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        Every Webflo project starts on an empty directory that you can create on your machine. The command below will make a new directory webflo-app from the terminal and navigate into it.

        mkdir webflo-app
        cd webflo-app

        With npm available on your terminal, the following command will install Webflo to your project:

        System Requirements: Node.js 12.0 or later

        $ npm i @webqit/webflo

        The installation automatically creates a package.json file at project root, containing @webqit/webflo as a project dependency.

          "dependencies": {
            "@webqit/webflo": <webflo version>

        Other important definitions like project name, package type, and aliases for common Webflo commands will also belong in this file.

          "name": "webflo-app",
          "type": "module",
          "scripts": {
            "start:dev": "webflo start --dev",
            "build": "webflo build"
          "dependencies": {
            "@webqit/webflo": <webflo version>

        All is now set! The commands npm run start:dev and npm run build will be coming in often during the development process.

        Other Webflo commands will also be used at some point. For these, we will be prefixing the command to run with npx; e.g. npx webflo help.

        A global installation of Webflo wouldn't require aliases in package.json or the npx prefix to run. To install Webflo globally, run npm install with the -g (or --global) flag: npm i -g @webqit/webflo.

        To be sure Webflo is listening, run npx webflo help; an overview of available commands will be shown.

        "Hello Webflo!"

        The start page of our sample app could be a simple index.html file served statically. This would go into the /public directory of the app. (More about project layout in Routing.)

        • /public
          • /index.html - <html><head></head><body>Hello Webflo!</body></html>

        Now, when you start the Webflo server and navigate to http://localhost:3000/ (or http://localhost:3000/index.html) on your browser, the start page is shown.

        $ npm run start:dev

        Be sure to give Webflo a better "Hello!" with a more beautiful start page.

        Common Setup

        As with every project that might be heading out of its local development environment, certain files, folders or parameters for Webflo applications may need to be excluded from upstream repositories. And it is good to remember these environmental factors early.

        The .env File

        An .env file is commonly used to maintain environment-specific varaiables for an application. Consider using this file to keep any sensitive values that your application might need, e.g. database credentials. This file would be kept local using the .gitignore file below. The ignore rule would be: .env.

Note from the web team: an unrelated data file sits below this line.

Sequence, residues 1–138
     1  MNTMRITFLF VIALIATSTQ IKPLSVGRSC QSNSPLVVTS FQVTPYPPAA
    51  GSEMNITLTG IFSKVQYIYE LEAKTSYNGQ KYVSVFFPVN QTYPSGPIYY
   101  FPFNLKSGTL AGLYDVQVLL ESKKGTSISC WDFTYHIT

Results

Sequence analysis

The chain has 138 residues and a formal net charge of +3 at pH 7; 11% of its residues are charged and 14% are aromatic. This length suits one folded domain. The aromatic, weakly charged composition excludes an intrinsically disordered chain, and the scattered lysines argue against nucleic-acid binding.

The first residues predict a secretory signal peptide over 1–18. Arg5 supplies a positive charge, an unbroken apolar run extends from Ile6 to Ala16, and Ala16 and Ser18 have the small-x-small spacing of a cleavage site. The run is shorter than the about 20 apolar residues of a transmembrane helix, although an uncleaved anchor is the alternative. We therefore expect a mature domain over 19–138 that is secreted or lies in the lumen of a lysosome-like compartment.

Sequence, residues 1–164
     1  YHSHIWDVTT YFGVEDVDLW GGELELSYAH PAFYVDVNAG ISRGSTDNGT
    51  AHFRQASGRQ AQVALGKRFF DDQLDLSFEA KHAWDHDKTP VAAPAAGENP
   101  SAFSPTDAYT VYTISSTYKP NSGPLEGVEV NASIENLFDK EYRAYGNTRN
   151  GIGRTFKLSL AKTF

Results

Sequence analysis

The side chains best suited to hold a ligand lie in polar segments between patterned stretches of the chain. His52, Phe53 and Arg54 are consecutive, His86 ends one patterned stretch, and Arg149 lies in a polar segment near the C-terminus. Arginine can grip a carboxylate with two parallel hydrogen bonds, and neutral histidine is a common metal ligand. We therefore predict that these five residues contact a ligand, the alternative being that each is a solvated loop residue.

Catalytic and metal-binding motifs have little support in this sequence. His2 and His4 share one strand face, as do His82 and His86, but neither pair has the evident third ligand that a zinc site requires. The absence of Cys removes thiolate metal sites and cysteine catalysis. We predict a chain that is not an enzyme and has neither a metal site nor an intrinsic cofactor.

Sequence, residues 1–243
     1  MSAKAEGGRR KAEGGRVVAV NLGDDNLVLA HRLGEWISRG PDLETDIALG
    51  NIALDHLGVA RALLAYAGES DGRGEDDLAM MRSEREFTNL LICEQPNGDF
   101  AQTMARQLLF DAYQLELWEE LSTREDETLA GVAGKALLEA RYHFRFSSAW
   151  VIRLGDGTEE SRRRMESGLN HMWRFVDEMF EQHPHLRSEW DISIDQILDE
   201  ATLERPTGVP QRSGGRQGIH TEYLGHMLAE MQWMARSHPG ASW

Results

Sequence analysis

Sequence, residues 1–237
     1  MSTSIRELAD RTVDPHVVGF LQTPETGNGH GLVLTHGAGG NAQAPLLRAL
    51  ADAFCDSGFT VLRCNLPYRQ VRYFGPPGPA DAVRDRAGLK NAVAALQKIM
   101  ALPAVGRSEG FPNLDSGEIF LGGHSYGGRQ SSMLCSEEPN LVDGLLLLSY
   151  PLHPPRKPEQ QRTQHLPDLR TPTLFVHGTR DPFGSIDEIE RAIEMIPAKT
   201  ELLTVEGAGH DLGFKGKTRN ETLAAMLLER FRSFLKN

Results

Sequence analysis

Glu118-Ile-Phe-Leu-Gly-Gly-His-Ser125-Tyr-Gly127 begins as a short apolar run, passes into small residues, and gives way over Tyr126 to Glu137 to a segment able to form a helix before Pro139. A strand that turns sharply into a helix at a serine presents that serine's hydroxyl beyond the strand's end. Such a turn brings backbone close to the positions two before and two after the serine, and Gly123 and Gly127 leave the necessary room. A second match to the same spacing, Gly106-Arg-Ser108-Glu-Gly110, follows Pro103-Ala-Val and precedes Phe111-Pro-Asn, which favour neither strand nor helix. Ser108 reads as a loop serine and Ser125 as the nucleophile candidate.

Consider paring the .env file with an .env.example file - written with no actual values, and for simply providing an example of what might be in the .env file. This file would be what goes to other deployment environments.

        To edit the .env file from the command line, run $ webflo config variables. Add the flag --env=example to explicitly edit the .env.example file.

        When creating the .env file for the first time, Webflo will try to guide you using the variable names and available example values in the .env.example file, where exists.

        The .webqit Directory

        All WebQit command-line interfaces maintain certain command-line edits in the WebQit-specific folder: .webqit. Webflo's own edits go into the ./.webqit/webflo directory; and these files are to be kept local using the .gitignore file below. The ignore rule would be: .webqit.

        The --env=example flag may be used to create example copies of these configurations - written with no actual values, and for simply providing an example of what might be in the actual configuration. Edits made with $ webflo config variables --env=example, for example, will be written to the file: ./.webqit/webflo/variables.example.json. These example copies are what goes to other deployment environments. The allow rule would be: !.webqit/**.example.json.

        The .gitignoreFile

        This file should now be part of your project. And an important folder to ignore is the node_modules folder. Together with the environment-specific files above, your .gitignore file could be looking similar to the below:


        Feel free to add more rules as needed.

        Next Steps

        Continue to learning the fundamentals.